While these first three post-resurrection appearances happen in or around Jerusalem, the fourth, which we encounter today, takes place in the north at the Sea of Galilee. The disciples have managed to escape from Jerusalem; they’ve headed back home to get on with their lives. At night they head out fishing but catch nothing. Meeting them in the morning at the shore is a stranger who suggests that they cast their net on the right side of the boat—and they end up with a haul of exactly 153 large fish. At this point they recognize that the stranger is Jesus. He invites them to a breakfast that he’s prepared right there on the beach.
One lesson of the story—and the same can be said for the other three post-resurrection appearances that John records—is that the risen Jesus is known and recognized by what he does. He displays empathy, concern, hospitality and friendship. Which is why he invites the disciples to a meal. And if you look closely, Jesus doesn’t even bother to inform the disciples who he is. They’ve already recognized him, not by vivid memories of his physical appearance—those don’t matter much anymore because Jesus now appears differently each time as a stranger—but by what he does. I think that holds true for us as well. We’re 2,000 years removed from when Jesus wandered throughout Israel, proclaiming and embodying Good News. We have no photographs of him, so we don’t know what he looked like. Nevertheless, we will know the resurrected Jesus by acts of mercy and justice that awaken us to see him.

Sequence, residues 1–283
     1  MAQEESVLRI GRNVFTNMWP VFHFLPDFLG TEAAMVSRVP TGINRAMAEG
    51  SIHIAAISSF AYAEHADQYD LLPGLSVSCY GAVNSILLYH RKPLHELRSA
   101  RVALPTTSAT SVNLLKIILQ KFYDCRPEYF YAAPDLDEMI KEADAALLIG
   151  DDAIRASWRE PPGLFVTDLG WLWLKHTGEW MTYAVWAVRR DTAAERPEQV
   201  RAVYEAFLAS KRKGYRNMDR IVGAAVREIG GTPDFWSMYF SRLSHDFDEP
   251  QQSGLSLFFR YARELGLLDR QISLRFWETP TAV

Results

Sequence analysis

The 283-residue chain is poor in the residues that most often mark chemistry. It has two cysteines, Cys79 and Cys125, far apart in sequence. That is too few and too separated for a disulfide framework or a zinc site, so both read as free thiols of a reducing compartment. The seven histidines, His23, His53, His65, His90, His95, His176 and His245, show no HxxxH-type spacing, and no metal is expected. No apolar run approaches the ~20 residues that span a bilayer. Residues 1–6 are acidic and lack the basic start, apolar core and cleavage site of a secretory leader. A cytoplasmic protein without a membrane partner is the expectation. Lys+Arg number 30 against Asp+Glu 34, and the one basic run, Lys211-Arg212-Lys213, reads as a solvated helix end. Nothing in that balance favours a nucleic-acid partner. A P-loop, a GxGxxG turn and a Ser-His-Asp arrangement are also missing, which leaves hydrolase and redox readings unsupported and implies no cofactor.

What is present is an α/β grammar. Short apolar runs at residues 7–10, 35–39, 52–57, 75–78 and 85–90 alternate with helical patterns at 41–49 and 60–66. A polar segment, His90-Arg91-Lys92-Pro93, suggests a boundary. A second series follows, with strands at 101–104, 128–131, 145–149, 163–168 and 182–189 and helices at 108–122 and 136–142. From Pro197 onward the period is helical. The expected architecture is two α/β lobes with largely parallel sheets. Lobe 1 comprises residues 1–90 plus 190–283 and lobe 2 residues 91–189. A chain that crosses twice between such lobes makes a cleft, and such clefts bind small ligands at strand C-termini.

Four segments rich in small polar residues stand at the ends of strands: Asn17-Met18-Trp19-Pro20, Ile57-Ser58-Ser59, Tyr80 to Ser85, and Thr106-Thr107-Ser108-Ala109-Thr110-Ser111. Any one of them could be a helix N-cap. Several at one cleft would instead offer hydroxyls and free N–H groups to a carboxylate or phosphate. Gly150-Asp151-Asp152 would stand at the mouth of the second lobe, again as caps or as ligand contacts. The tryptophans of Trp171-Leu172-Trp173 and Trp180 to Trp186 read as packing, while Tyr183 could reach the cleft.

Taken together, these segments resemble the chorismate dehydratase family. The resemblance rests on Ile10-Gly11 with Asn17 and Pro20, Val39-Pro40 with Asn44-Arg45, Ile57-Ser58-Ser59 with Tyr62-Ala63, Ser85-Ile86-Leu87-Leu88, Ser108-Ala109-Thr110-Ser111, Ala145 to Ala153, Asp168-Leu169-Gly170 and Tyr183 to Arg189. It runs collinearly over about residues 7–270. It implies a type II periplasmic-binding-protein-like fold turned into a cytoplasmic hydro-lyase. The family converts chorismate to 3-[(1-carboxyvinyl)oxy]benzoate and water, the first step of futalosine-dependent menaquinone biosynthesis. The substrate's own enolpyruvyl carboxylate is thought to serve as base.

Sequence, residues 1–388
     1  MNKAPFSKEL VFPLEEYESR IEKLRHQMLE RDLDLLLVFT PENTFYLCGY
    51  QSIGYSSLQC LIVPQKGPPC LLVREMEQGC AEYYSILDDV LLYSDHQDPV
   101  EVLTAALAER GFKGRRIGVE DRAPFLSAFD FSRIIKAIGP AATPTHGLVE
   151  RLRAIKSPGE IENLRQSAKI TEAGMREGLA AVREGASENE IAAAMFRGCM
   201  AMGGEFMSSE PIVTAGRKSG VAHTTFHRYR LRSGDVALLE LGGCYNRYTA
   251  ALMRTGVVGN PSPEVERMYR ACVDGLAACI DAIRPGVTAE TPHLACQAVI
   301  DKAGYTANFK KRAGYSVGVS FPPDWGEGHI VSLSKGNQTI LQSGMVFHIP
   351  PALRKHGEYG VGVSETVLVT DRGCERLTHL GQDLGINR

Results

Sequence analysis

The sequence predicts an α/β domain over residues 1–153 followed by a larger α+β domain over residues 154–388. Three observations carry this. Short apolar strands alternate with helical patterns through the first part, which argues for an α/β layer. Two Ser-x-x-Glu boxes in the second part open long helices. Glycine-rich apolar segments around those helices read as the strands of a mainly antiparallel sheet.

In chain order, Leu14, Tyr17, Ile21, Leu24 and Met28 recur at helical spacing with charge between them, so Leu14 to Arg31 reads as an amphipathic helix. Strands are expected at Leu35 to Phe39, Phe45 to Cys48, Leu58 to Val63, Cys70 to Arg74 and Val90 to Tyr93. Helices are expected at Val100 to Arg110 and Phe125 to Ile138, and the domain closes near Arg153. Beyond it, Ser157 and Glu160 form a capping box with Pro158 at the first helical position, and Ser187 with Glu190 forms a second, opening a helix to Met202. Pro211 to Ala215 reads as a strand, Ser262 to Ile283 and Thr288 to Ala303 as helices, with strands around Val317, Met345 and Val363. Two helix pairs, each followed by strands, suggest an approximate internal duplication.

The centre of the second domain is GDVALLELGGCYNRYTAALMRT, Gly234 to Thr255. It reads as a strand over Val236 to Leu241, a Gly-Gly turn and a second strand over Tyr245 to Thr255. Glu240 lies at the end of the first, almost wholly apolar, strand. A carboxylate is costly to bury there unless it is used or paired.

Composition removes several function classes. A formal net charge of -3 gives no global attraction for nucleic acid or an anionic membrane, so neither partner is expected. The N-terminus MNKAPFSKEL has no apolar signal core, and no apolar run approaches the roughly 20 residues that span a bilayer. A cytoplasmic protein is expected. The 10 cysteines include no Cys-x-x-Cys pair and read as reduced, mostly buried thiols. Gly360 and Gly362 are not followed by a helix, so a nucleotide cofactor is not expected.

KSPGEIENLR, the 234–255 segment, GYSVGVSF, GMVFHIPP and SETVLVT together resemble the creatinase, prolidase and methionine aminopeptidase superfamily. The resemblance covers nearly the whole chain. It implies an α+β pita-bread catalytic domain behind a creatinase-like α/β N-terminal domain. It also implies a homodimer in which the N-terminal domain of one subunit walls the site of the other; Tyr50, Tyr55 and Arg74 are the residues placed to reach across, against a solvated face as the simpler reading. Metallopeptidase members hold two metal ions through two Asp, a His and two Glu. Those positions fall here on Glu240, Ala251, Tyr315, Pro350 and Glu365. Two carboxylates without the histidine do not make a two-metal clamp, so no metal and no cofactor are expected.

The story, however, continues. After breakfast Jesus has a heart-to-heart with Peter. You’ll remember that Peter was the one disciple who followed at a distance behind Jesus as he was arrested and led away to stand trial. But when Peter is questioned about his association with Jesus, he denies he has anything to do with him—three times! So now Jesus wants to make certain that Peter is his true friend and committed to following in his way. He doesn’t point the finger at Peter and demand an apology for disloyalty. Rather, Jesus asks a simple question, three times over: Do you love me?